Sociability in the Indian Service
Commissioner of Indian Affairs Francis Leupp clearly enjoyed holding forth in his annual reports to the secretary of the interior. In somewhat bombastic prose, he energetically described the Indian Office’s work for the year, punctuating the paragraphs with confident assertions of his many opinions on the matters at hand. But even he found it difficult to enliven the statistical discussion of educational programs in the 1906 report. After slogging through almost twenty pages enumerating the kinds of Indian schools under his supervision—their capacity, enrollment, and average attendance; the funds appropriated for each; and the employees who were appointed or had declined their appointments—he couldn’t help but conclude with a droll comment: “A not uninteresting feature of these dry statistics is the report that 132 employees were married during their service in the schools.”1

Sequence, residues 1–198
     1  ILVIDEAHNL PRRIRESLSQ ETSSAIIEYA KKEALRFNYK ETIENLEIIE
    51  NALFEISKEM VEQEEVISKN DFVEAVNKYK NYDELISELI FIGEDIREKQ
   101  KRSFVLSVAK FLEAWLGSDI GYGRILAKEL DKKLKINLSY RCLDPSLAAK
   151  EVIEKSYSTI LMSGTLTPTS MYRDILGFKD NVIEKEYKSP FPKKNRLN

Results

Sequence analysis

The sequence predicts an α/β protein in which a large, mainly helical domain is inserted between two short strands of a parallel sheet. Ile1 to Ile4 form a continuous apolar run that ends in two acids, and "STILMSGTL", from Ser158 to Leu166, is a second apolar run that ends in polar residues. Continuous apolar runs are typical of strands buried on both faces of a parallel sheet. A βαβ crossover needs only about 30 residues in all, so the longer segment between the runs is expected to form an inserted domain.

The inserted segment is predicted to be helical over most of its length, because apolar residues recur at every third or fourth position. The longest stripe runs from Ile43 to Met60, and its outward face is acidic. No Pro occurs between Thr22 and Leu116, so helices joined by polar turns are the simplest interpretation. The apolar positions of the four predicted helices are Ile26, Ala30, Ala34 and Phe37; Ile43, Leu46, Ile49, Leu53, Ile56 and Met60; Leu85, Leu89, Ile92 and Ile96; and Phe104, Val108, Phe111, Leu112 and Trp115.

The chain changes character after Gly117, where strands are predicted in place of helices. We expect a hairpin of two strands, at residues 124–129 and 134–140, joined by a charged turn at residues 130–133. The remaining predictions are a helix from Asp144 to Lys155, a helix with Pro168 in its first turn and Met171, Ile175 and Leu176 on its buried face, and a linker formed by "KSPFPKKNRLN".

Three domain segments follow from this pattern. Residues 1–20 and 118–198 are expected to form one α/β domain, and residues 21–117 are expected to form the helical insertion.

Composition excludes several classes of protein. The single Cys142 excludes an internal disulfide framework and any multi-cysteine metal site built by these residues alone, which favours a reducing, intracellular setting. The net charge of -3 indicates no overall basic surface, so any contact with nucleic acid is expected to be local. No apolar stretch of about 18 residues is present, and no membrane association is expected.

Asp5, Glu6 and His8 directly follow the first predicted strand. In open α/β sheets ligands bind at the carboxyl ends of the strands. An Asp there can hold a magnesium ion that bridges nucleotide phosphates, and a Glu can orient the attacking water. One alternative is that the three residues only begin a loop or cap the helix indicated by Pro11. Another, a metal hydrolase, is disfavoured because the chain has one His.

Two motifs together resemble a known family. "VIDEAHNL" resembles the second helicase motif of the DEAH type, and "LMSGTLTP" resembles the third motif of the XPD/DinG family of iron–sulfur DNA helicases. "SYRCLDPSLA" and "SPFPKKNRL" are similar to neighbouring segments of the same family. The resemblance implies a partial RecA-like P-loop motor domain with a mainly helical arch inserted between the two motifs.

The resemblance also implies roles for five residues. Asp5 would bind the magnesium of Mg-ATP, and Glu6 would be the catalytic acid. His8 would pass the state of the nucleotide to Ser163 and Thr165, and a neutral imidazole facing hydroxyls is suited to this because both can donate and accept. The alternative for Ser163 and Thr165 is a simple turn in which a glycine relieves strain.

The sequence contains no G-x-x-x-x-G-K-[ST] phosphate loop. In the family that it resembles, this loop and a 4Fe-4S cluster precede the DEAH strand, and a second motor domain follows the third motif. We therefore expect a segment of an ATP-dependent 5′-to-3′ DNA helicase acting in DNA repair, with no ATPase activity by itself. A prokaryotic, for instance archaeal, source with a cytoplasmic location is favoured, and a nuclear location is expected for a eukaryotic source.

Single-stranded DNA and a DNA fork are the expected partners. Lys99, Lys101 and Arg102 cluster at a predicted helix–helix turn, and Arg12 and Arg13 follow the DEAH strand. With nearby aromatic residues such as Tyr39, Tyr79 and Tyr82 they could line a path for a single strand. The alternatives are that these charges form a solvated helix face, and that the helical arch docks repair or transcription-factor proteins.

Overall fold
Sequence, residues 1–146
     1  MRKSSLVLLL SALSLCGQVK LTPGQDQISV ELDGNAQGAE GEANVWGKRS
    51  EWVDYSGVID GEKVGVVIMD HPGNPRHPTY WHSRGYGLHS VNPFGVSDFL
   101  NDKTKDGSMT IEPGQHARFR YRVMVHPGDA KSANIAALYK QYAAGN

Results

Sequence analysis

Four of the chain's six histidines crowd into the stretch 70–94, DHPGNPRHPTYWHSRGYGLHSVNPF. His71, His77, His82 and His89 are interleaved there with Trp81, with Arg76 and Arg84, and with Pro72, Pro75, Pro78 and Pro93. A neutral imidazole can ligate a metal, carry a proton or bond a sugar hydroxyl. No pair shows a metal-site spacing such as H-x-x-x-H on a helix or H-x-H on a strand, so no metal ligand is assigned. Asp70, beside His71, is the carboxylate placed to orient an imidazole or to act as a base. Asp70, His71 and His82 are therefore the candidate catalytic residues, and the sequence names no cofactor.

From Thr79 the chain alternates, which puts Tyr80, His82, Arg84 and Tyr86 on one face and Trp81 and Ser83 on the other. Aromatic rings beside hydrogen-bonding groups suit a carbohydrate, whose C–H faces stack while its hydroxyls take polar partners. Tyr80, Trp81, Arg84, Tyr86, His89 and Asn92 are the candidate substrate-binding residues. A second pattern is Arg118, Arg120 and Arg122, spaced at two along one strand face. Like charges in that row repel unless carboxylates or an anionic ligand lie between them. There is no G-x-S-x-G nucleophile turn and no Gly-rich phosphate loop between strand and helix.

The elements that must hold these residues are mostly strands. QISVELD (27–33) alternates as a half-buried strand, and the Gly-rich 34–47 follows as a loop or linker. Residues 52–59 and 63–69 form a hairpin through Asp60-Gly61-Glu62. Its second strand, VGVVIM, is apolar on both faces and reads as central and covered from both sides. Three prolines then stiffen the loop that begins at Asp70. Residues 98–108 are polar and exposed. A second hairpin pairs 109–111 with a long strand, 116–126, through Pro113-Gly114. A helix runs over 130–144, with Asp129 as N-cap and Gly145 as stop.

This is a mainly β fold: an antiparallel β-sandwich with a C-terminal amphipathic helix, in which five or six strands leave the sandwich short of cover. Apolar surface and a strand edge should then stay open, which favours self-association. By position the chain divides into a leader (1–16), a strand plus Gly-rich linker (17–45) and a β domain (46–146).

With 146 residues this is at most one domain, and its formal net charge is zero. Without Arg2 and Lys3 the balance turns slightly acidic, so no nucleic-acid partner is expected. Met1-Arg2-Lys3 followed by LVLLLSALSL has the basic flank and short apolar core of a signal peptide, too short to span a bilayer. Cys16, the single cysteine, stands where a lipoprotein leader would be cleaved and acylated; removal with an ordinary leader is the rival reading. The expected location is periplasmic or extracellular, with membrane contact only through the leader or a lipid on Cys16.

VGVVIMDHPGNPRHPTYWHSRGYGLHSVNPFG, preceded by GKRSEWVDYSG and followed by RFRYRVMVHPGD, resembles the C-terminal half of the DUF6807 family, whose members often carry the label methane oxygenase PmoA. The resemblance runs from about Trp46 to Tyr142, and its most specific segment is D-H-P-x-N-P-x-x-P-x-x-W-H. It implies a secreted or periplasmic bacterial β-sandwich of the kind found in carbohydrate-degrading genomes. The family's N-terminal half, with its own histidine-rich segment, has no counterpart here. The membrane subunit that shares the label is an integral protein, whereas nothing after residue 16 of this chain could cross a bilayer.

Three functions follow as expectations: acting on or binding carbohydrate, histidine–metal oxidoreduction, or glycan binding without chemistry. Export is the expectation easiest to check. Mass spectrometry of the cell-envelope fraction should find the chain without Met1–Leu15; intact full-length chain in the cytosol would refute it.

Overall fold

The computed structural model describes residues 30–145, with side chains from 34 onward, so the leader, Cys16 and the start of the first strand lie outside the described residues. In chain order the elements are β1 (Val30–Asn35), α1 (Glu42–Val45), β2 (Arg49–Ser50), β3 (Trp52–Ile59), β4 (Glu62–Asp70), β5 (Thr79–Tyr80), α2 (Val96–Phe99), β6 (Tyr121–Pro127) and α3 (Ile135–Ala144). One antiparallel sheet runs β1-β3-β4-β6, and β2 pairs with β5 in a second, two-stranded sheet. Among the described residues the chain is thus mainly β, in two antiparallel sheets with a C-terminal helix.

Commissioner Leupp’s attempt at humor actually revealed an important aspect of everyday life in the Indian Service. The distinctive labor needs of the service brought men and women together on the reservations and in the schools, where they not only worked and socialized together but also sometimes courted and married each other. On one hand, the development of workplace friendships and romances was a very modern phenomenon, one experienced at the same time by the men and women who worked in the new skyscrapers of the banking and insurance industries in America’s cities.2 On the other hand, the Indian Service’s goals and its diverse workforce meant that when its personnel struck up workplace relationships, they were navigating more treacherous ideological waters. The racially integrated nature of the service was initially quite forward-looking, but a close look at the interactions among employees also reveals the limits of white America’s acceptance of its own terms of assimilation.